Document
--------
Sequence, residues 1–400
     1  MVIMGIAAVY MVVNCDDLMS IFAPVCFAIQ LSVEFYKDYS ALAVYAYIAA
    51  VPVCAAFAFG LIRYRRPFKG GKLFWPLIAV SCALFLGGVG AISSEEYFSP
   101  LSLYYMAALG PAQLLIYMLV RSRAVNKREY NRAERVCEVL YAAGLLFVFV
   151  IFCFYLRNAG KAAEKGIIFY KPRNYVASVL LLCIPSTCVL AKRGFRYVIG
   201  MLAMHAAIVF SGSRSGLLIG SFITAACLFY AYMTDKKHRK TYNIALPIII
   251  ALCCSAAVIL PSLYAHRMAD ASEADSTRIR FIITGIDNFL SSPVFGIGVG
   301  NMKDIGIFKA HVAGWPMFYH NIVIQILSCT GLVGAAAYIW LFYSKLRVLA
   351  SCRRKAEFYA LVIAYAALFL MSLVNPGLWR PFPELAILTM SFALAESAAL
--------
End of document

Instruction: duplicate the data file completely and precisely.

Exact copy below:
Sequence, residues 1–400
     1  MVIMGIAAVY MVVNCDDLMS IFAPVCFAIQ LSVEFYKDYS ALAVYAYIAA
    51  VPVCAAFAFG LIRYRRPFKG GKLFWPLIAV SCALFLGGVG AISSEEYFSP
   101  LSLYYMAALG PAQLLIYMLV RSRAVNKREY NRAERVCEVL YAAGLLFVFV
   151  IFCFYLRNAG KAAEKGIIFY KPRNYVASVL LLCIPSTCVL AKRGFRYVIG
   201  MLAMHAAIVF SGSRSGLLIG SFITAACLFY AYMTDKKHRK TYNIALPIII
   251  ALCCSAAVIL PSLYAHRMAD ASEADSTRIR FIITGIDNFL SSPVFGIGVG
   301  NMKDIGIFKA HVAGWPMFYH NIVIQILSCT GLVGAAAYIW LFYSKLRVLA
   351  SCRRKAEFYA LVIAYAALFL MSLVNPGLWR PFPELAILTM SFALAESAAL